Since your husband is GS, you can probably go online to www.usaa.com and establish accounts for you and your husband (no, I am not employed by USAA). Once you have established the accounts (remember that he's the sponsor overseas so his will be the main account), call USAA and tell the representative that you want renter's insurance for all your household goods and car insurance for your vehicle(s). You will want to start the insurance for your household goods about a week before the movers pack you up, and you will want to start the car insurance a few days before you ship your vehicle overseas. USAA is recommended because this company is very experienced in dealing with the military and GS civilians living and working overseas.
Make a reservation for a car rental before you leave the States, you can usually get unlimited mileage if you rent from the States, otherwise if you rent a car locally you might have to pay X Euro cents per mile, that can be expensive. A rental car is recommended because it will take several weeks for your vehicle to arrive, and the costs for public transportation will quickly add up. Confirm with the rental car company that you can return the car early w/o penalty if your vehicle arrives. And just because your vehicle has arrived, keep in mind you will not be able to take possession of it until you pass the German drivers test. Your AFRICOM sponsor can tell you about it, ask him/her to email the manual to you, it is very extensive, study it.
Don't worry about housing right now. There's a military housing office either at Patch Barracks or Kelley Barracks that will help you find a house. Do not try to find a house on your own. Recommend you rent only from landlords pre-approved by the military housing office.
Let your stateside bank or credit union know you are moving to Germany, ask if they can get some Euros for you before you leave. You will need some Euros when you land in Germany.
Don't expect free WiFi anywhere in Germany. You may be fortunate and come across it once in a while, but don't expect it. Set up online passwords for your credit cards, make sure you know the monthly due dates for the cards you use, and then make your payments online from Germany. If your bills are forwarded in the mail, they may arrive after the due dates.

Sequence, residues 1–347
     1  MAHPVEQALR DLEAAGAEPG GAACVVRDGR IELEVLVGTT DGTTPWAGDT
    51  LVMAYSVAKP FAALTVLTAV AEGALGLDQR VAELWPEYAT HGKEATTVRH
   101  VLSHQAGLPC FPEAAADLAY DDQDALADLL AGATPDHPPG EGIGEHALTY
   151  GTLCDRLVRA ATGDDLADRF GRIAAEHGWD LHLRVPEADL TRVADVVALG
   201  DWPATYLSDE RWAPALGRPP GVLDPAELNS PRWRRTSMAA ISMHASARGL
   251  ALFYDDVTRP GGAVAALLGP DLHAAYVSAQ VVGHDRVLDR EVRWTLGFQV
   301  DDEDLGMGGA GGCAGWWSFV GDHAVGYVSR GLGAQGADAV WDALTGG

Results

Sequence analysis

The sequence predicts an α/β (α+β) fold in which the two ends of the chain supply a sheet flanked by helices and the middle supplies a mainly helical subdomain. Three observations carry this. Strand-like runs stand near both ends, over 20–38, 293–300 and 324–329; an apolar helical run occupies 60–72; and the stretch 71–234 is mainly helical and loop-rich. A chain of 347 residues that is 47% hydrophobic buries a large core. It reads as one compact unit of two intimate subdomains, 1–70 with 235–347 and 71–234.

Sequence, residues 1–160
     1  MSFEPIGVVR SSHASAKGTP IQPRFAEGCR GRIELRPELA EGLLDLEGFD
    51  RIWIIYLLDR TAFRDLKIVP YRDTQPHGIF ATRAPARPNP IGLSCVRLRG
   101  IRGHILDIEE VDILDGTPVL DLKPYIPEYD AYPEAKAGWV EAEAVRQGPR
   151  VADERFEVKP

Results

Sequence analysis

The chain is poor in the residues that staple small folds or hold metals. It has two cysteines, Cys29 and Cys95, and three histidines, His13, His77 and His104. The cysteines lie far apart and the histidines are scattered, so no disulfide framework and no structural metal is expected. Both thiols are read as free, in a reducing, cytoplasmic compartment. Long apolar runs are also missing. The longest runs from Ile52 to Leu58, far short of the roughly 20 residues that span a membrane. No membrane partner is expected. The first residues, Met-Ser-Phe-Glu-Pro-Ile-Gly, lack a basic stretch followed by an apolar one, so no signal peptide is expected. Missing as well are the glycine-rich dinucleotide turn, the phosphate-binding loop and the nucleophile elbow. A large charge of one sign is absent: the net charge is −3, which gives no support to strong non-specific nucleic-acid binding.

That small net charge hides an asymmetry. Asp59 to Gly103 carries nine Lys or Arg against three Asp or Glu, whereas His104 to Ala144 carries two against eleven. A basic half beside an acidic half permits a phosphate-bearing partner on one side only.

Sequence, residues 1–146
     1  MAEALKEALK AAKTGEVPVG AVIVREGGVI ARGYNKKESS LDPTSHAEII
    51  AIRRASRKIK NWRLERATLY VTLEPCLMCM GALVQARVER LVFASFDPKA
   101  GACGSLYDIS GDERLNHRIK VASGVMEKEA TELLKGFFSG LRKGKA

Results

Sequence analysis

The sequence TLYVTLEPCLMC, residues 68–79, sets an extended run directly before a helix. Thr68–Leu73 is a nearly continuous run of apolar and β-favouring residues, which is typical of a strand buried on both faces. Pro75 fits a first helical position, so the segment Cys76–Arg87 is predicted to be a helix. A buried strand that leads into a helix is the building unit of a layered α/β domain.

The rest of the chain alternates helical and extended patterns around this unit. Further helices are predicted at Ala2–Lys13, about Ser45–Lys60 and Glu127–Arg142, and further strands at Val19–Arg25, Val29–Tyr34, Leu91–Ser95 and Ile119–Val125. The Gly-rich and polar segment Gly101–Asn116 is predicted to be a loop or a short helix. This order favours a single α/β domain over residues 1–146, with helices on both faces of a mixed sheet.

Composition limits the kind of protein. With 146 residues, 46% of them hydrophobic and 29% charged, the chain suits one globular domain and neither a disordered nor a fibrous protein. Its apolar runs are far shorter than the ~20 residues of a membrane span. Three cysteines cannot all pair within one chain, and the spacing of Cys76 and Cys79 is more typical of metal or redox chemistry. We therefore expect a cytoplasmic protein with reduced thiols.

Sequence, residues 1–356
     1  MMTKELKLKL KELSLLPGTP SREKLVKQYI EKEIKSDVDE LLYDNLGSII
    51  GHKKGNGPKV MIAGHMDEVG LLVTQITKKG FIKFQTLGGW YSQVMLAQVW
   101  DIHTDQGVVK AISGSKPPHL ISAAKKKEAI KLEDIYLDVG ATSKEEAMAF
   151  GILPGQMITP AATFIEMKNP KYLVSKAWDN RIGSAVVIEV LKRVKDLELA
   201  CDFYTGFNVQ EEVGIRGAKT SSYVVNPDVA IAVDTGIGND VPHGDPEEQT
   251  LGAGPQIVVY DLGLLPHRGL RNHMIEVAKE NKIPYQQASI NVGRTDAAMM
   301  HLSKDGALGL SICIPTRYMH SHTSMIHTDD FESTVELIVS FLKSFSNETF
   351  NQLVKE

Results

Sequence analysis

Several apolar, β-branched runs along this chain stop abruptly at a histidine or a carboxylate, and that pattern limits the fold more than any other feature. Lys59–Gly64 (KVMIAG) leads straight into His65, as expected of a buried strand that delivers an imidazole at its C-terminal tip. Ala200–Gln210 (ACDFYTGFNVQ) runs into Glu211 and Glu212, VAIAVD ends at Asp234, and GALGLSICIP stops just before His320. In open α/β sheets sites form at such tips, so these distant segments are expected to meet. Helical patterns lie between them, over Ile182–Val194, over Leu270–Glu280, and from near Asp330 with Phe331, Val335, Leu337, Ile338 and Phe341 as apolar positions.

Make sure you bring a copy of your marriage certificate and birth certificates for your children, also shot records. You will need these certificates to obtain military ID cards. The fact that you will all have official (red) passports means nothing to the military ID card office.
Speaking of passports, get new tourist passports for yourself and your husband if they're about to expire. Your husband will need to arrange for everyone to get official (red) passports before you leave the States.
Be very mindful of the speed limits in Europe, there are cameras everywhere, and you cannot argue with a camera. Good luck!
Don't rent a house heated by oil; with 6 people in your family you will go through the oil in nothing flat and it will be incredibly expensive to fill up the tank 2-3 times per year.
Be sure to bring a copy of your marriage certificate and copies of birth certificates for all of your children. You may need this documentation to obtain military/contractor ID cards. Shot records too.
German landlords are not required to provide smoke/CO detectors. Buy at least four and ship them over with your household goods. Buy the combination smoke/CO detectors because you might end up renting one side of a duplex, your neighbor may have a furnace, etc.
If you are allowed to shop at the PX, the first thing you will want to do is buy a GPS with USA and European maps. Yes, it will be expensive but it will be worth its weight in gold. Buy a GPS with a reset button, or buy a separate stylus to be used to reset the GPS. Never, and I mean never even for 1 minute, leave your GPS in the car...when you exit the car, take it with you.
Make a car rental reservation from the States when you make your flight arrangements, you can probably get unlimited mileage. Recommended length is 3-4 weeks. Verify with the rental agency that you can return the car early w/o penalty. It will take several weeks for your vehicle(s) to arrive, and daily public transportation for a family of 6 will be expensive.
Anyone in your family need glasses or contacts? Go to the optometrist now and buy glasses/contacts before you leave the States.